TAOISEACH Enda Kenny is insisting the government bid to get back-dated funding for the cost of the banking bailout is still on, despite an unprecedented attack on Ireland by the EU's top official.
Mr Kenny said there was "no row" with European Commission president Jose-Manuel Barroso, who claimed the euro currency was a "victim" of the problems caused by Ireland.
Mr Kenny said the Government was still pursuing the retrospective recapitalisation of the banking system.
He said the EU decision of 18 months ago to treat Ireland as a special case still stood.
"There isn't any row here," he said.
"There is no difference of opinion in respect of the decision of the 29th of June," he added.
But the Taoiseach said it was too early to say what the Government would be looking for from the EU when the recapitalisation question came about.
He said he had never said anything about selling the banking assets to the bailout fund.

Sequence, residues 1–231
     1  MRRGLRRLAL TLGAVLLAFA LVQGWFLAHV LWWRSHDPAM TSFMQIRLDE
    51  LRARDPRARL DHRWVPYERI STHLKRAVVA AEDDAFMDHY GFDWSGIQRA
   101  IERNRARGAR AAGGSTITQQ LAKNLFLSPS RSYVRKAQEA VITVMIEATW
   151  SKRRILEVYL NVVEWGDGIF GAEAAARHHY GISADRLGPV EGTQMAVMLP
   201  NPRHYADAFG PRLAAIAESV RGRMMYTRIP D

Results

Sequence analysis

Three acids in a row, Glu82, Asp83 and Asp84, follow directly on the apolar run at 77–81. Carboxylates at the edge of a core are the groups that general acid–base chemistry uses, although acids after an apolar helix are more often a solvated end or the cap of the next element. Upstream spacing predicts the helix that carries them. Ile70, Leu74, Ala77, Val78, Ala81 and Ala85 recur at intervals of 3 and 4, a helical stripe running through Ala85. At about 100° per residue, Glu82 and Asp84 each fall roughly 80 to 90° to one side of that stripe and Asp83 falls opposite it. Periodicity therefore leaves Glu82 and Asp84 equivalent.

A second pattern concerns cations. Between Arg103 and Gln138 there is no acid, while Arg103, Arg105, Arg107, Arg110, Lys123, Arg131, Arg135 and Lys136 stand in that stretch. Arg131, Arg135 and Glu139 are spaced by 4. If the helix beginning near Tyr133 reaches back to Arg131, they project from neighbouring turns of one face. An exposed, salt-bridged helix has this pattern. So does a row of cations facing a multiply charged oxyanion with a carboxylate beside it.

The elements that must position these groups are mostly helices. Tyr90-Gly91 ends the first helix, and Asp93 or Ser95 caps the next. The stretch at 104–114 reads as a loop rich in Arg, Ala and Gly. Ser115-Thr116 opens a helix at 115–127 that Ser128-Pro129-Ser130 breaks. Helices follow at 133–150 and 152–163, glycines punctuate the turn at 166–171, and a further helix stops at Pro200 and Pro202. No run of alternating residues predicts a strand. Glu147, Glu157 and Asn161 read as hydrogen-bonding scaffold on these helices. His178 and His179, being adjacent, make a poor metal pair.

The Government claimed there was a misunderstanding around Mr Barroso's comments and he was not referring to the possibility of retrospective recapitalisation.
But Mr Barroso's remarks were criticised by the Opposition.
"President Barroso's blunt comments about Ireland are not open to misinterpretation.
"He has essentially shut the door on any European Commission support for a deal on retroactive bank recapitalisation for Ireland," Mr McGrath said.
The Taoiseach said the decision made by EU leaders on the possibility of the new EU bailout funds assisting Irish banks remained in place.
"We regard it as entirely wrong the Irish taxpayer should have to pay the bailout of the banks," he said.
Mr Kenny does not accept there was a widely held view in Europe that Ireland should not be assisted.
He pointed out that the EU leaders had decided Ireland was a special case.
Mr Kenny would not confirm suggestions the Government told Mr Barroso and fellow European Commissioner Olli Rehn not to come to Dublin.
But he did hint this was the case -- he maintained the Government wanted to ensure there were no expectations heightened and the matter would be kept "low key".
He said he was not in favour of "undue hype" over the bailout exit.
"We did not want undue expectations heightened," he said.
Mr Barroso said at the EU summit that Europe did not cause the problems for Ireland; Ireland caused a problem for Europe.
He blamed the Irish banks, regulators and government for the difficulties in the country and the rejected suggestions Ireland should now be helped by Europe.